In the last two days there have been three significant earthquakes off the coast of Oregon. Fortunately there have been no tsunami alerts as a result. But these quakes are reminders of the ever-present and enormous Cascadia Subduction Zone, a fault that runs from northern California to Vancouver Island.
The Cascadia Subduction Zone is not that different from the fault where the 8.9-magnitude (Richter scale) earthquake occurred creating a devastating tsunami that wiped out a large portion of the island of Japan. Both faults run along the coastline about 100 miles offshore.
The three recent earthquakes off the Oregon coast were centered on the Cascadia Subduction Zone. They ranged from 5.5 to 6.0 in magnitude and there are over a hundred such earthquakes (less than a magnitude of 7.0) globally each year. As such they could be considered strong quakes but not “major.” Major quakes (7.0 and greater) occur 10 to 20 times per year with 9.0 earthquakes happening once every 10 to 50 years.
Do you know what will happen and what to do when there is an offshore earthquake and a tsunami warning is issued as a result? The following have been compiled from multiple sources:
- There will be an official tsunami evacuation siren
- Alerts will be issued on NOAA radio
- Emergency telephonic warnings will be issued
Know what to do
- Stay off the phone and do not call 9-1-1. Tying up phone lines slows down the notification process.
- Listen to NOAA and local radio stations for latest emergency information.
- Get to higher ground (at least fifty-feet above sea level).
- Climbing to higher ground is preferred but if you must drive do so carefully so not to create problems that will slow down evacuation.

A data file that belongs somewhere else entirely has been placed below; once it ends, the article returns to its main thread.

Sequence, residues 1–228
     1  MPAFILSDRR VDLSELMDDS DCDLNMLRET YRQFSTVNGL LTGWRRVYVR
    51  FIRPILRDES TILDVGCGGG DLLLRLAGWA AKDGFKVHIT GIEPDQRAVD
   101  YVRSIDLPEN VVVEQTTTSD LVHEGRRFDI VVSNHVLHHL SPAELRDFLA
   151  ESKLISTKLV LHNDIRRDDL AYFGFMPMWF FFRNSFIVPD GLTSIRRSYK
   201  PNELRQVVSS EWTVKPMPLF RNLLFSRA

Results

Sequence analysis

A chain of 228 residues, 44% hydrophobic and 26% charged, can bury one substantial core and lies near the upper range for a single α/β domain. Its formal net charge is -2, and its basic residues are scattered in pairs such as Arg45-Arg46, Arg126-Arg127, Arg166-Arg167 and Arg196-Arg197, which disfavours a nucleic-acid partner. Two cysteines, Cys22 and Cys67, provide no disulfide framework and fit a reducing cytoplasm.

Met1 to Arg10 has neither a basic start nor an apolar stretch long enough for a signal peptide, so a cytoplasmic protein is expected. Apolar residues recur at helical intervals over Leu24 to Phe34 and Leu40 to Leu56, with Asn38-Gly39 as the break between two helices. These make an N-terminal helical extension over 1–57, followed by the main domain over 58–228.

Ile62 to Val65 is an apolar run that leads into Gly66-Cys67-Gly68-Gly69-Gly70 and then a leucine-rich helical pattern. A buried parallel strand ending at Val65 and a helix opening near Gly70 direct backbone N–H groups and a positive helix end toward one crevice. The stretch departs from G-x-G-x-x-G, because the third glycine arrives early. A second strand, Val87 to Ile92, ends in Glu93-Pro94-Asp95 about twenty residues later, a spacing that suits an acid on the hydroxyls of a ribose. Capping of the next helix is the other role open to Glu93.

- Return to lower ground only when advised to by authorities that it is safe to do so. A tsunami is a series of waves that may continue for an hour.
Know where to go
How will you know where to go when you hear the warnings? It depends on where you are. The Washington Department of Natural Resources has produced these brochures with maps to have at the ready.
Head uphill away from the shore on any side of the island. If it is a distant earthquake and you have time, drive to Beach School or the Lummi Island Grange which are designated assembly areas.
Ferndale and Lummi Nation
Fortunately, most of the Lummi Nation land is considered “high ground.” If you are near shore, head inland.
But if you are south of Douglas Road and near the Nooksack or Lummi Rivers, you are in the lowlands and at greatest risk in the event of a tsunami. Check the map below (from the Washington DNR brochure) to identify your evacuation routes from the area to higher ground.